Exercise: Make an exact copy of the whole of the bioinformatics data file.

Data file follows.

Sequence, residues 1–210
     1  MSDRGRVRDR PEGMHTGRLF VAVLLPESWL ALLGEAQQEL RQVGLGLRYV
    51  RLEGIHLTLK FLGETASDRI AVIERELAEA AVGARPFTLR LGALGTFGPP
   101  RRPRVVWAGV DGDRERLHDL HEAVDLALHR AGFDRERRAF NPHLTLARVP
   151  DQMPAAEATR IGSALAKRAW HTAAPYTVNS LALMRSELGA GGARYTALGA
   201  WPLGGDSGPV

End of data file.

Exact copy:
Sequence, residues 1–210
     1  MSDRGRVRDR PEGMHTGRLF VAVLLPESWL ALLGEAQQEL RQVGLGLRYV
    51  RLEGIHLTLK FLGETASDRI AVIERELAEA AVGARPFTLR LGALGTFGPP
   101  RRPRVVWAGV DGDRERLHDL HEAVDLALHR AGFDRERRAF NPHLTLARVP
   151  DQMPAAEATR IGSALAKRAW HTAAPYTVNS LALMRSELGA GGARYTALGA
   201  WPLGGDSGPV